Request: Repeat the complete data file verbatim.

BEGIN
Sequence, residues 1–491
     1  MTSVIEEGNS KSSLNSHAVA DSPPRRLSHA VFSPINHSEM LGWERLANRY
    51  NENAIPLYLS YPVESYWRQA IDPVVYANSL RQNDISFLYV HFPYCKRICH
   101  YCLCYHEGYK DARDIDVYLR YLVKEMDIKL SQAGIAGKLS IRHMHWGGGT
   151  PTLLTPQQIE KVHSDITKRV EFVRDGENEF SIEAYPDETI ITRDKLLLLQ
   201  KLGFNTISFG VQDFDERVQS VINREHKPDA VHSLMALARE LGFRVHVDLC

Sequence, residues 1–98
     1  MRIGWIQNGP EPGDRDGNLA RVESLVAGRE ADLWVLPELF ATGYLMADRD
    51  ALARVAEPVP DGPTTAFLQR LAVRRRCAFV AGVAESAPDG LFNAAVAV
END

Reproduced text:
Sequence, residues 1–491
     1  MTSVIEEGNS KSSLNSHAVA DSPPRRLSHA VFSPINHSEM LGWERLANRY
    51  NENAIPLYLS YPVESYWRQA IDPVVYANSL RQNDISFLYV HFPYCKRICH
   101  YCLCYHEGYK DARDIDVYLR YLVKEMDIKL SQAGIAGKLS IRHMHWGGGT
   151  PTLLTPQQIE KVHSDITKRV EFVRDGENEF SIEAYPDETI ITRDKLLLLQ
   201  KLGFNTISFG VQDFDERVQS VINREHKPDA VHSLMALARE LGFRVHVDLC

Sequence, residues 1–98
     1  MRIGWIQNGP EPGDRDGNLA RVESLVAGRE ADLWVLPELF ATGYLMADRD
    51  ALARVAEPVP DGPTTAFLQR LAVRRRCAFV AGVAESAPDG LFNAAVAV